Following a few years of teasing what was to come, with a handful of early EP’s and 7” singles selling out fast and championed by the likes of Melographic, Steve Lamacq, Radcliffe and Maconie, Huw
Stephens and John Kennedy, London indie/dream-poppers Night Flowers are excited to announce their sparkling debut album, Wild Notion.
Written in various London basements and bedsits, and recorded with longtime producer Adam Jaffrey in a studio that was later bulldozed to make way for luxury flats, Wild Notion is
a romantic, yearning album that is not afraid to wear its sparkling, pop heart on its sleeve.
The band have also shared new single, "Cruel Wind", with an accompanying video made by filmmaking duo James Doherty and Laura Whittell. For the brave astronauts featured,
the training, the isolation, the pressure and the fear are obstacles they must endure to realise their dream - to explore the great beyond. Thankfully Night Flowers vocalist Sophia Pettit
is on hand to guide them through their journey.
Combining green screen, archive footage and some clever visual affects, the result is something different, enjoyable and effective in capturing the essence of this sweet and catchy song.
“It’s as good a place to write in as any,” wrote Philip Larkin of Hull, a city of rainy-day poets and the original home of Night Flowers. But this indie-pop quintet has since blossomed from its
Humberside origins to form a bright transatlantic soul.
The windswept north-east English coast collided with stateside sunshine when US-born vocalist Sophia Pettit joined the band in their new shared hometown of London in summer 2015, completing their
irresistible brand of stirring, romantic pop.
As Night Flowers cross the bridge into wide-screen, world-beating artists, Larkin’s grounded sentiment rings true - if you’re writing from the heart, you can write from anywhere… and that’s exactly
what they’ve done.
The album took shape as the band cut their teeth on the road, criss-crossing the UK, Germany and Spain, experiencing a life-changing tour of Japan in 2016, and performing at End of the Road,
Visions, Bestival, Kendal Calling, Beacons, Tramlines and Indietracks, before successful UK tours with The Pains of Being Pure of Heart andJapanese Breakfast.
Honed and polished in various London basements and moonlit bedsits, and recorded over two joyous weeks with long-time collaborator Adam Jaffrey at his ‘Unwound’ studio in Hackney, ‘Wild
Notion’ sees Night Flowers facing down their past and ready to embrace the future head on.
Ullyart explains, “A lot of the album deals with time, place and memory. The memory often plays tricks and blurs the lines between present, past and future tense, and sometimes when you’re writing,
it’s only with hindsight you can see what you were writing about. The songs put a few demons to bed.”
That ‘Wild Notion‘ is the last album to be recorded at ‘Unwound’, before the studio is bulldozed to make way for luxury apartments as the gentrification of London continues, adds a bittersweet
“London’s always moving and that constant change is exhilarating, but it can make you unsure of your footing. You end up thick skinned and vulnerable at the same time. I’m sure that played into the
album, all the classic things that come with being a young adult left to your own devices in the city and on the road, trying to find your place in the world.”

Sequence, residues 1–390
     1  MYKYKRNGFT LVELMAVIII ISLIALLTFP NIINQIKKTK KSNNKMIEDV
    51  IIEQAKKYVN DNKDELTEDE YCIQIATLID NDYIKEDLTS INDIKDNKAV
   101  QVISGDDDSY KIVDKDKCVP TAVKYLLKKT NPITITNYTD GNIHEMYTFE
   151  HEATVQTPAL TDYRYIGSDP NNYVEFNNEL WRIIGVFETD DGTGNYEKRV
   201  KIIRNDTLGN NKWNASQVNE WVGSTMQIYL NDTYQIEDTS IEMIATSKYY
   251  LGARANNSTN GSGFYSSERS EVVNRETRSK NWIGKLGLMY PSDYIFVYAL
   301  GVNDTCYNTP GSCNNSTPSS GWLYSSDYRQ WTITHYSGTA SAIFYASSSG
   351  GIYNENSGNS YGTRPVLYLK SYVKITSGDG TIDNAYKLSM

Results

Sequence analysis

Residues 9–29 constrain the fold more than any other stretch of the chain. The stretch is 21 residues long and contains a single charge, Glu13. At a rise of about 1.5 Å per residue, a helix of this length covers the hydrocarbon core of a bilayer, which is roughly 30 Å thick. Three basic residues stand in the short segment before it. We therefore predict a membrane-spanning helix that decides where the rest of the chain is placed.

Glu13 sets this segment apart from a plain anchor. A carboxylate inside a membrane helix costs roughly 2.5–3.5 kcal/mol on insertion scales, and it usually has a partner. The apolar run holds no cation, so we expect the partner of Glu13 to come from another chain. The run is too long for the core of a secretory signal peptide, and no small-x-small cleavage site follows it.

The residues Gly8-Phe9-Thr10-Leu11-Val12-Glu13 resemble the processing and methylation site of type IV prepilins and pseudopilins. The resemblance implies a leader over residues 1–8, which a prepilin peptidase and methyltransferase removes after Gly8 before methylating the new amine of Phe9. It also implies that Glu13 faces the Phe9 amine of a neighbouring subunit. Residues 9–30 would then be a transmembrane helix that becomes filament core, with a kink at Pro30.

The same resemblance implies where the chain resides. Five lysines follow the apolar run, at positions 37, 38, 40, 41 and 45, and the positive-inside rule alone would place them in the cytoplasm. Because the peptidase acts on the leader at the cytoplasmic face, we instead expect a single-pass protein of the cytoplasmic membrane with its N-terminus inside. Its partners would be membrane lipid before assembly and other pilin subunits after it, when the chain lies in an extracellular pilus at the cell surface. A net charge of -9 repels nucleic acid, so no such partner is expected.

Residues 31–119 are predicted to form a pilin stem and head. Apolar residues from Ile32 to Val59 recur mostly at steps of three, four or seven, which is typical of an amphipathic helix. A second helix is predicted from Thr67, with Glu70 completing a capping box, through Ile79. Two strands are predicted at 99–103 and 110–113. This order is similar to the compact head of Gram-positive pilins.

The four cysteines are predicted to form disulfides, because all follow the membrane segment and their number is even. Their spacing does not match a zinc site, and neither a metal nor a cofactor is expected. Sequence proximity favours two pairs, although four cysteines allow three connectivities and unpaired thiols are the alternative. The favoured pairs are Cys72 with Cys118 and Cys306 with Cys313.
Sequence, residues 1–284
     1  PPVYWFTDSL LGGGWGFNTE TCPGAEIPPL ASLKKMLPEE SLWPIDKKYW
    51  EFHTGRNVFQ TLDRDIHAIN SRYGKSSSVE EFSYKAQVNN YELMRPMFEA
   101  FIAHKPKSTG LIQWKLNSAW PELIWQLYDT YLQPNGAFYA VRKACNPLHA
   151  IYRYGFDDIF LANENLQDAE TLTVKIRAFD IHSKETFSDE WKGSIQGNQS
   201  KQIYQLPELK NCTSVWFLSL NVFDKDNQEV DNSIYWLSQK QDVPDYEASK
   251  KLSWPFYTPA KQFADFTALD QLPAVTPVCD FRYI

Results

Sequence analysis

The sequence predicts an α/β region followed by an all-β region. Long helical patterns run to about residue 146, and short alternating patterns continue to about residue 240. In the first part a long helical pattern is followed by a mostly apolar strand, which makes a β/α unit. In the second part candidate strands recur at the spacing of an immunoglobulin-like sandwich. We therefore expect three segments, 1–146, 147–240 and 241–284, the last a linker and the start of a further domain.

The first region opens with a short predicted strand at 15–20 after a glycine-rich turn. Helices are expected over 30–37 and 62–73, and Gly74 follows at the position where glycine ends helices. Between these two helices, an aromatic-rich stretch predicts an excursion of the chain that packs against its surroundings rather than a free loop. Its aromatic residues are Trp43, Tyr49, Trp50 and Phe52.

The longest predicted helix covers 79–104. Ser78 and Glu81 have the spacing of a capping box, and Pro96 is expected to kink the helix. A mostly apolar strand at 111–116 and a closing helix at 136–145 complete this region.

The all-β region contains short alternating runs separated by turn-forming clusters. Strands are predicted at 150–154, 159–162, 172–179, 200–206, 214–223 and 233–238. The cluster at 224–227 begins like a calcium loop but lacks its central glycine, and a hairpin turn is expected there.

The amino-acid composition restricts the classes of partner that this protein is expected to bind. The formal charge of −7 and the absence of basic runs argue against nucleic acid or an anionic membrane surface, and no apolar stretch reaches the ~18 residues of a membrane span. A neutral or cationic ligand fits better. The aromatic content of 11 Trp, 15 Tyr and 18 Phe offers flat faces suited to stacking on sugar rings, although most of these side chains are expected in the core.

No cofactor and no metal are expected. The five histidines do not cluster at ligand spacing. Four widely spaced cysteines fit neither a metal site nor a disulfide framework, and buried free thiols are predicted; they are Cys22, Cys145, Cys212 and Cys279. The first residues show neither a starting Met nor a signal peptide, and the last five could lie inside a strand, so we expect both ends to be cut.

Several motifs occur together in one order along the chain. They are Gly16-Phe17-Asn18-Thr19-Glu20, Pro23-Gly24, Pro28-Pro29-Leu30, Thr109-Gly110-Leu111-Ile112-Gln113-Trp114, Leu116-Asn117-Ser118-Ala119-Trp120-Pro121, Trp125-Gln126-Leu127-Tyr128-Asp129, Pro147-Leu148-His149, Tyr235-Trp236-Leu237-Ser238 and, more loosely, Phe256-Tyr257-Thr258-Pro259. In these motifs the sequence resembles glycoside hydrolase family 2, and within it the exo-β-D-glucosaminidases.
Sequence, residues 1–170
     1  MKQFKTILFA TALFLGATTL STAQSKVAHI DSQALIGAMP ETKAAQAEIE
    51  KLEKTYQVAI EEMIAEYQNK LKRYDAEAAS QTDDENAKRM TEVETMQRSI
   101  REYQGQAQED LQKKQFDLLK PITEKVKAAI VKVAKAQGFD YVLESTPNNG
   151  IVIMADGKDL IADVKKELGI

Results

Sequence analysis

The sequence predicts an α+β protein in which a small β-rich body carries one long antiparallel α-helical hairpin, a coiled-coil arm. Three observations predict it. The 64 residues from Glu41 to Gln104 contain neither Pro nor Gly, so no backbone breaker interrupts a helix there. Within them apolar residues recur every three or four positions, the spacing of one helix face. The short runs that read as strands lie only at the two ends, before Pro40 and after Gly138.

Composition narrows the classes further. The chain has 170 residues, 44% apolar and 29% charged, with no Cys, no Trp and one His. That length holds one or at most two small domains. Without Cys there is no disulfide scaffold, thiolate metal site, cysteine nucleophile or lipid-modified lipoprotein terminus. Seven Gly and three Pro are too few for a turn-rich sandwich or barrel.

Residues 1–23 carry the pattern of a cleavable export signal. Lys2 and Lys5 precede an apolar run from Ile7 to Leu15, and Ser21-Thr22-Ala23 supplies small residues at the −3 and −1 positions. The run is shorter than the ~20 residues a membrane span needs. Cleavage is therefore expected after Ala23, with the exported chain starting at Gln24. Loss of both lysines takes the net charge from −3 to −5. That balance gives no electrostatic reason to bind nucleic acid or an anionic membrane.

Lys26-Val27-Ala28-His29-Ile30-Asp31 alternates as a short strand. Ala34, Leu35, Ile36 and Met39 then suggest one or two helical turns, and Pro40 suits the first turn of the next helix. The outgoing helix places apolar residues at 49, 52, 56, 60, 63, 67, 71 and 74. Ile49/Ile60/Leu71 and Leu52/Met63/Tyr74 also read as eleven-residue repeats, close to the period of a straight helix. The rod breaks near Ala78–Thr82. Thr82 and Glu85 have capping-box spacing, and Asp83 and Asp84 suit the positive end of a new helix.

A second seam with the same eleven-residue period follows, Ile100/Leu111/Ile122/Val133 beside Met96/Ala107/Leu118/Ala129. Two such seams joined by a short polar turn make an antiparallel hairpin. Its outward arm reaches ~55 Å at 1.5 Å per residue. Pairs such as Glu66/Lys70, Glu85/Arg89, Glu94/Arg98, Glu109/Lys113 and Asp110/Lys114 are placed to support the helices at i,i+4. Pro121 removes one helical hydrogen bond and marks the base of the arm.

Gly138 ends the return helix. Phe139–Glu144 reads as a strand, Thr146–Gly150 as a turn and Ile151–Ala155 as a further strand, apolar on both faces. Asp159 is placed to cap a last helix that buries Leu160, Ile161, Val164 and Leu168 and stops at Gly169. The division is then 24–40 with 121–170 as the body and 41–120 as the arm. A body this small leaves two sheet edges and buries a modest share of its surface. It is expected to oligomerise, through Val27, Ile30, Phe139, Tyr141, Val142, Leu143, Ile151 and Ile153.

If the opening shimmer of guitar on opener Sandcastles gives you goosebumps, by the time Pettit sings “I’d recognize your pretty face anywhere,” you feel you have found a friend for life, a
calm voice in the eye of the storm that a relentlessly changing world throws your way.
The exhilarating Night Alive follows; a celebration of living in the present. Night Flowers have always been a thrilling combination of intertwining female/male vocals so it seems fitting
that Ullyart’s presence asserts itself strongly here before Pettit’s glorious return on the wonderful Resolver, glistening like sunshine on the open road and heightened by Jaffrey’s crystal
With their dreamlike atmospherics and bittersweet lyrics, Night Flowers never stray too far from darkness and with Let Her In they go deep down, in the first of the album’s insomniac love
letters to their adopted city of London; “Given that I am prone to chasing shadows, I bathe in city light now” sings Pettit.
The more upbeat Losing the Light has a groove all of its own, and this hook-filled pop song sways from desire to despair and back again, all backed by the most gentle of riffs and
gloriously lush synths. The following Head On is new territory for the band, a swirling jolt to the system with a heavy heartbeat. Pettit’s remarkable control builds and builds as the album
climbs to an epic crescendo, complete with bittersweet, triumphant brass.
Battered and bruised, Hey Love instantly picks things up and switches on the light, as Pettit asks, “what are you afraid of? / Close your eyes and tell me everything”
and Unwound continues to uplift, but is hiding a shattered relationship underneath, “my love is where you left it, unwound / It means everything and nothing to me.”
Fireworks, the sparkling penultimate track on the album and another ode to being alive, is headstrong in its delivery but as delicate as the other nine songs - “This city’s such a pretty curse /
It haunts me all the time,” Pettit sings, dealing with a love/hate relationship with London, all the magic that it gives and all that it takes away.
The closing Cruel Wind carries things into a huge finale befitting of the album. As Pettit cries “and now you have, an epitaph,” it’s at once deeply personal to the songs protagonist but
also serves as a touchstone to the album and the band themselves, who return home to carry on writing, wherever that might be.
Night Flowers are:
Sophia Pettit (vocals + keys), Chris Hardy (guitar + vocals), Sam Lenthall (bass), Zebedee Budworth (drums) and Greg Ullyart (vocals + guitar)